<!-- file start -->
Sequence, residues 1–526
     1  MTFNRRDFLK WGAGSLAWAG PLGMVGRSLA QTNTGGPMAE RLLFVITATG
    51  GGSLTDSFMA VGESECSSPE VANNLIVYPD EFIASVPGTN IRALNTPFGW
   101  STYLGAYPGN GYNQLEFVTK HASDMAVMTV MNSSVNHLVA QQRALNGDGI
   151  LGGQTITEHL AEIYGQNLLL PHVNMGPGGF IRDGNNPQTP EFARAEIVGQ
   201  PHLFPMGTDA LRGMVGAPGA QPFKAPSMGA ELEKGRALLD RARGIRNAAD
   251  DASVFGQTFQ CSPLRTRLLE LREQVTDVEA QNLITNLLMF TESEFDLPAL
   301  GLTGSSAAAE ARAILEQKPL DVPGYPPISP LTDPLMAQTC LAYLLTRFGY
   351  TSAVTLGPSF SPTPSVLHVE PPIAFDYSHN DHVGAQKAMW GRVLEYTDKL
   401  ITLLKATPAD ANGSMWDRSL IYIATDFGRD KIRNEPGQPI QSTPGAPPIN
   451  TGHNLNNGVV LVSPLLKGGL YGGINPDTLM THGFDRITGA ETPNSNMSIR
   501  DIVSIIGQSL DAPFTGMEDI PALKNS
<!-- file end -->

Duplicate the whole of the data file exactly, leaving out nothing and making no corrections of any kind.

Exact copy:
Sequence, residues 1–526
     1  MTFNRRDFLK WGAGSLAWAG PLGMVGRSLA QTNTGGPMAE RLLFVITATG
    51  GGSLTDSFMA VGESECSSPE VANNLIVYPD EFIASVPGTN IRALNTPFGW
   101  STYLGAYPGN GYNQLEFVTK HASDMAVMTV MNSSVNHLVA QQRALNGDGI
   151  LGGQTITEHL AEIYGQNLLL PHVNMGPGGF IRDGNNPQTP EFARAEIVGQ
   201  PHLFPMGTDA LRGMVGAPGA QPFKAPSMGA ELEKGRALLD RARGIRNAAD
   251  DASVFGQTFQ CSPLRTRLLE LREQVTDVEA QNLITNLLMF TESEFDLPAL
   301  GLTGSSAAAE ARAILEQKPL DVPGYPPISP LTDPLMAQTC LAYLLTRFGY
   351  TSAVTLGPSF SPTPSVLHVE PPIAFDYSHN DHVGAQKAMW GRVLEYTDKL
   401  ITLLKATPAD ANGSMWDRSL IYIATDFGRD KIRNEPGQPI QSTPGAPPIN
   451  TGHNLNNGVV LVSPLLKGGL YGGINPDTLM THGFDRITGA ETPNSNMSIR
   501  DIVSIIGQSL DAPFTGMEDI PALKNS